This is the third Clooney-directed film I’ve seen, and I’ve noticed it’s a common issue. Where’s Jack Nicholson screaming, “you can’t handle the truth!” Where’s the fist fight? Where’s the heavy-hitting music to create suspense? When actors turn to directing, they leave behind these essential elements in favor of an understated approach (remember Robert De Niro’s ‘The Good Shepherd,’ for example?). I think they feel above it. I think they resent having spent so much time executing cheesy dialogue while running from a burning vehicle that they feel they can accomplish the same task without it. But like it or not — those things are often necessary to make a movie enjoyable. Otherwise, it’s as if I’m watching a documentary.
The movie stars Ryan Gosling as Stephen Meyers, the Junior Campaign Manager for Mike Morris (George Clooney), the Pennsylvania Governor who is trying to win the Democratic Primary to later run for President. Philip Seymour Hoffman plays Paul Zara, his Senior Campaign Manager. The campaign can be cutthroat at times, and by the end of it, it really doesn’t matter what anyone’s political belief is as long as Morris wins. The plot is relatively expected, with the exception of an interesting twist in act three. Unfortunately, by the time act three hit I had already mentally checked out of the film.
OVERALL RATING: 3/5 DISHES
Hearing a song’s acoustic version is a great way to test its quality. Can the band survive without auto-tune and all the other bells and whistles that go along with producing a record (and yes — “bells and whistles” is a technical music term)? In the case of ‘Foster the People’, I actually prefer the acoustic version of their music. They appeared on NPR’s ‘Tiny Desk Concert’ series, and sounded incredible. The band formed in 2009 and it has three members, including, Mark Foster (vocals, keyboards, piano, synthesizers, guitar, programming, percussion), Mark Pontius (drums and extra percussion), and Cubbie Fink (bass and backing vocals) Watch below.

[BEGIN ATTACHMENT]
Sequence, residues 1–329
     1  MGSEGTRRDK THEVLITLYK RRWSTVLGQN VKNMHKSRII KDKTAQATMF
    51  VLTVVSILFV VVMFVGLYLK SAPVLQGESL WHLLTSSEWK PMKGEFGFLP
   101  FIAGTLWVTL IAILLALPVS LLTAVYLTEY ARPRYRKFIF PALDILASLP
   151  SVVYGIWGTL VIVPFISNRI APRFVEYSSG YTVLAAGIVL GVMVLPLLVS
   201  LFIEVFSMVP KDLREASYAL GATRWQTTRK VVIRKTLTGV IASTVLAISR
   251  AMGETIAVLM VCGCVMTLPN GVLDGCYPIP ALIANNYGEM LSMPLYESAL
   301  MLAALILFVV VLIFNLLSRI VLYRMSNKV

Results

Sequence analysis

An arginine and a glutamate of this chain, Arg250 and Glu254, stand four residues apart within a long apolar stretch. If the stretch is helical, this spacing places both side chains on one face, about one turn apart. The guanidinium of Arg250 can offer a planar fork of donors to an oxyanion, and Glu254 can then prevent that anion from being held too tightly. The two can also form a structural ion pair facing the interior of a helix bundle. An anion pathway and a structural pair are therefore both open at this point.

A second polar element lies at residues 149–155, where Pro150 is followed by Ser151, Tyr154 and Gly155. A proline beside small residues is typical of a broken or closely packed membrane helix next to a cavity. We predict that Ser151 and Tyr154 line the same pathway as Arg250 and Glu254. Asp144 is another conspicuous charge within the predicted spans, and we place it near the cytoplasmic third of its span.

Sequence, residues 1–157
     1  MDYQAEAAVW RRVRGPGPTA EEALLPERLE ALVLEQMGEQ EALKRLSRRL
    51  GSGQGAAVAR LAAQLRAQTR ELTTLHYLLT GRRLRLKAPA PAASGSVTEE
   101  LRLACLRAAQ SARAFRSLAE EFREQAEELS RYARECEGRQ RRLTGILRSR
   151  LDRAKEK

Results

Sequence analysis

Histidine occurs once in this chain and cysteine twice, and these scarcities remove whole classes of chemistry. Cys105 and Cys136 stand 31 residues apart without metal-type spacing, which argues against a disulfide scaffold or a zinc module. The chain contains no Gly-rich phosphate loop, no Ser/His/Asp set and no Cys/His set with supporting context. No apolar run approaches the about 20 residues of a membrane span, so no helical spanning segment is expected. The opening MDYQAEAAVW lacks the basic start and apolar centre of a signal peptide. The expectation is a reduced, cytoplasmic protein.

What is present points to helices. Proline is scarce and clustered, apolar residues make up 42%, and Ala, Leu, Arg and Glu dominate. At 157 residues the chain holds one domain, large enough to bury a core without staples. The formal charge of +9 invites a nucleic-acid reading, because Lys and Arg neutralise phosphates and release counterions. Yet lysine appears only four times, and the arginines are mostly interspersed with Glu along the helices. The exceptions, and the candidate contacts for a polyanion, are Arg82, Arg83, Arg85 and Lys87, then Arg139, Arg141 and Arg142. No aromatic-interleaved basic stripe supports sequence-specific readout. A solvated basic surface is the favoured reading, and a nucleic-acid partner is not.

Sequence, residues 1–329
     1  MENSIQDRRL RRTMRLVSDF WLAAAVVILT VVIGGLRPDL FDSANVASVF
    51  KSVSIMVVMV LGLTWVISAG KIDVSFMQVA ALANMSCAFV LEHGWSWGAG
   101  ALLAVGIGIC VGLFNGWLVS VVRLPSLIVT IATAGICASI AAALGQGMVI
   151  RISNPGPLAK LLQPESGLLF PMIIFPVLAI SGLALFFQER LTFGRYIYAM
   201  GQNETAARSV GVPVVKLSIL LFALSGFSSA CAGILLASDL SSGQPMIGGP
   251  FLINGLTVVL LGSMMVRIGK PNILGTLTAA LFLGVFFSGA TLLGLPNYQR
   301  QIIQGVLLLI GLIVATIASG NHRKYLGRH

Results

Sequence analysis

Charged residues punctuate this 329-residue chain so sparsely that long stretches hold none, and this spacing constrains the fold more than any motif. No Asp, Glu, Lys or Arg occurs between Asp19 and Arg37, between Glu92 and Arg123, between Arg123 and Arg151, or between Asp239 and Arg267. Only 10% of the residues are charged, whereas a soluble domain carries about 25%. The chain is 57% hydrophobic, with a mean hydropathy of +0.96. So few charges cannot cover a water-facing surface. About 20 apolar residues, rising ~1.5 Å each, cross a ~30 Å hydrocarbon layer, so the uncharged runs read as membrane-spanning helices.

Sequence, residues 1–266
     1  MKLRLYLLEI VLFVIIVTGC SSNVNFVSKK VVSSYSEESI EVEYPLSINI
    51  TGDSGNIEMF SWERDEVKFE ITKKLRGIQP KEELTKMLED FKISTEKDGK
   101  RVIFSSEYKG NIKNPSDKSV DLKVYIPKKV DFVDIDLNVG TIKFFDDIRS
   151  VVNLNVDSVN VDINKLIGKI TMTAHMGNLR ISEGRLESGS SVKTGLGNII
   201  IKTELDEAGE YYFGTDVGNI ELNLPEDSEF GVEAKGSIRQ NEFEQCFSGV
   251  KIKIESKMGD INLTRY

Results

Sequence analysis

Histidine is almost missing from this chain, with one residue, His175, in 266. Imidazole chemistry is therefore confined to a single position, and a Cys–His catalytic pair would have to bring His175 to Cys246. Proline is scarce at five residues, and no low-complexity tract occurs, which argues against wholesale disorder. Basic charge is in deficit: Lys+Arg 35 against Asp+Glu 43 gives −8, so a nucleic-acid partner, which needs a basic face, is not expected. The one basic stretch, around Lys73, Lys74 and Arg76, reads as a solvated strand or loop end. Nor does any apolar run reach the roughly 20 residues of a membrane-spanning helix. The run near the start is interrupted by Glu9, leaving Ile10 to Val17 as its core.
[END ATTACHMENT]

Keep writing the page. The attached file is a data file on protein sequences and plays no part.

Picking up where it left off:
This was one of the best concerts I’ve ever attended. I discovered ‘The Head and the Heart‘ from my Pandora ‘Mumford and Sons’ station, and I’ve since played their album on repeat. So when I heard they’d be at The Music Box, I immediately got tickets. The band formed in Seattle, Washington just two years ago, and there are six members, including: Josiah Johnson (vocals, guitar, percussion), Jonathan Russell (vocals, guitar, percussion), Charity Rose Thielen (violin, vocals), Chris Zasche (bass), Kenny Hensley (piano), and Tyler Williams (drums).
It’s always a gamble when you hear a band play live, because they sometimes don’t sound as good as their record. But ‘The Head and the Heart’ sounded better than their record. It’s magical to see a band before they become monstrously successful. These guys are still hungry, and their energy reflected that. Listen to ‘Cats and Dogs’ below.
“Sal used to play football. He’s got discipline. He shut it down. We went to Grenada before we got married, and I was horny as a loon and I’m chasing him around the hotel room saying, ‘We can make a mistake!’ And he was like, ‘Jesus is in Grenada too!’ Many, many times I was like, ‘Why did I say this?'” Sherri Shepherd on her difficult decision to stay celibate prior to her marriage.